Insects associating with coyote brush (Baccharis pilularis) at…

Monday, February 9th, 2015

Insects associating with coyote brush (Baccharis pilularis) at the Carpinteria Salt Marsh, February 8, 2015.

My search for a Rhopalomyia californica emergence event continues. I’ve read that the adults, which only live a few hours, tend to emerge in the morning after a rain. It rained last Saturday, so on Sunday morning I went to the marsh hoping to catch them in the act. These photos show some of the bug-related things I found. (A companion post has non-bug-related pictures.)

I found a lot of galls, more than I’ve seen at any time since last year’s drought knocked their numbers down.

First row:

I didn’t find any R. californica galls with adults in the process of emerging, but I did find some with evidence of recent emergence. The first three photos above show what that looks like. First is a shot of my hand holding a gall to give a sense of scale. (Hopefully I’m not helping biometric-identity thieves by posting a photo of my fingerprints.) Next is a closeup of the same gall showing the leftover exuvia of several emerged adults, and finally an even closer shot of exuvia from a different gall.

I’m not sure how long the exuvia (which are the spent pupal case) remain on the surface of the gall, but I’m guessing it’s at least a few months. If I did a better job of monitoring individual galls over time, rather than just wandering through the marsh observing them on a particular day, I probably could answer that question.

Second row:

Most of the R. californica galls in the marsh are green or yellowish-green, but a few of them are magenta. I have no idea why that is. I’m not aware of any non-gall-related structures on coyote brush with that color. The biochemical/genetic interactions between gall-inducing species and their host plants are quite mysterious, especially to a layperson like me. I wonder if the magenta galls have different properties aside from color. Are they thicker-walled? Do they represent a genetic variation in the gall inducer, or are they just a more-or-less random result of the particular site on the plant where the adult midge lays its eggs?

The righthand image shows the gall of a different Rhopalomyia species, R. baccharis. This is what Russo (who first described the species) calls the “twisted stem gall”. The adult insect is indistinguishable from R. californica except by genetic analysis, but the gall is completely different. Instead of a fleshy round gall containing several larvae at the tip of a stem, R. baccharis creates a thickening of the plant stem that has a characteristic series of S-curves, with one larval chamber below each bend. This isn’t a very good shot of the gall itself, but it shows the gall’s characteristic elliptical emergence hole. That hole isn’t created directly by the larva; instead, there is some sort of communication that takes place between larva and plant that triggers the plant to create that opening at the time the larva pupates, clearing the way for emergence.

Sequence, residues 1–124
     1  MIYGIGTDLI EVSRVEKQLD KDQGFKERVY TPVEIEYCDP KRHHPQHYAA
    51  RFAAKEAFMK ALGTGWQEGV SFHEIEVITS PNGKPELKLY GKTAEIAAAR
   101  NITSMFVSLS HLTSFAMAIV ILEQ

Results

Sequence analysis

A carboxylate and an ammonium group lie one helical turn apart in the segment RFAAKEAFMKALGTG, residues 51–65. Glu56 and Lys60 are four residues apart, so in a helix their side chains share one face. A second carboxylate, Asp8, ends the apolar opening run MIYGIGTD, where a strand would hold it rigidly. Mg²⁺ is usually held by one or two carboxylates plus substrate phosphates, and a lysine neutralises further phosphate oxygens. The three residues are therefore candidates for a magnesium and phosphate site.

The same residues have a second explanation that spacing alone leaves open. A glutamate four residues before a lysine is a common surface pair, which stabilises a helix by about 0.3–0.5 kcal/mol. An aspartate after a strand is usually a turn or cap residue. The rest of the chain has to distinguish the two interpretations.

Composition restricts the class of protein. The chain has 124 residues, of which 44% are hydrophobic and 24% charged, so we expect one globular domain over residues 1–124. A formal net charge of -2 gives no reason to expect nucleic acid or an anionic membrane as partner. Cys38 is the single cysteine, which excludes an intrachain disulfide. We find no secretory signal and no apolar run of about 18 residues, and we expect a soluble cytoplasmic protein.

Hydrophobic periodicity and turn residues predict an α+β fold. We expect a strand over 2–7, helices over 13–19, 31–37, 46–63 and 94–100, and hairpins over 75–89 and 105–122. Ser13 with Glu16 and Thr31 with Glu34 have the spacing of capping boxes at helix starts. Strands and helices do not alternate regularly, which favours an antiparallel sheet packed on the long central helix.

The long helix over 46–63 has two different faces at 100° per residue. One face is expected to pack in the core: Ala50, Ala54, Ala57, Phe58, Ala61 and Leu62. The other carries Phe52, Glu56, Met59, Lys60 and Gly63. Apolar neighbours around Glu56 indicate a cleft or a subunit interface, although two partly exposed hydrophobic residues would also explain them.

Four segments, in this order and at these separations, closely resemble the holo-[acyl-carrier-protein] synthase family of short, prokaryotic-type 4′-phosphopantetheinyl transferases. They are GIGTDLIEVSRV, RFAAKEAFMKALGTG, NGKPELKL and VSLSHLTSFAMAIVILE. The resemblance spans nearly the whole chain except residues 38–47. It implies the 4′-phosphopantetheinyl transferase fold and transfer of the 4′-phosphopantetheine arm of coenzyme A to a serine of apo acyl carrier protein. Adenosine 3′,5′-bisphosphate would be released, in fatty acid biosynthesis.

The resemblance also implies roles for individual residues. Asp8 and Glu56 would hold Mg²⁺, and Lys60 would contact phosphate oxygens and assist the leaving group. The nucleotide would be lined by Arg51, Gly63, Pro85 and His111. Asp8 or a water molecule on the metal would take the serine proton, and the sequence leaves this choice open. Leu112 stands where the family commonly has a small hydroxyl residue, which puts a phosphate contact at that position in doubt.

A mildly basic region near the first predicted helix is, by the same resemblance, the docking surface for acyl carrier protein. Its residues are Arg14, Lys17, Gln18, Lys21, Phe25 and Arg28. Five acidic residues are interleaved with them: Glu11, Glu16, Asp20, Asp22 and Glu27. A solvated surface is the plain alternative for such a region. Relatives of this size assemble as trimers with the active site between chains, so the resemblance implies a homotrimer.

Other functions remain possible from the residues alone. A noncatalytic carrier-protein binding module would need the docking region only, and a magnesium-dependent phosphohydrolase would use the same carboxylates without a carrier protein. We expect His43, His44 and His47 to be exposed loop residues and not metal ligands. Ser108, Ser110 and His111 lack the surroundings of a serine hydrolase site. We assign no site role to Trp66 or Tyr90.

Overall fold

I wonder if there are advantages to developing inside the coyote brush’s stem rather than in a bud gall. The outer covering of stem galls is tougher, which I’m guessing helps protect the larvae from the ovipositors of parasitoid wasps. But that also means the larvae’s jaws probably aren’t adequate for chewing their way out, the way R. californica larvae do. It’s mind-boggling to think about the shared coevolutionary history between plant, gall inducer, and predators/parasitoids that led to the current situation.

Third row:

Here’s a photo of another one of my favorite coyote brush galls, that of the moth Gnorimoschema baccharisella. I didn’t notice it while taking the photo, but I think those may be two more G. baccharisella galls growing at the tips of the stems to the left and right of the large gall, with a fourth one visible in the photo’s lower righthand corner. My guess is that those are all from a single egg-laying session; unlike Rhopalomyia galls, G. baccharisella galls are monothalamous, meaning there is only one larva per gall.

The middle photo shows some kind of hide constructed from a number of leaves stuck together. I don’t have any idea what made it, and didn’t want to tear it apart to try to find out. I’m going to post my photos of it to Bugguide and see what Charley Eiseman thinks.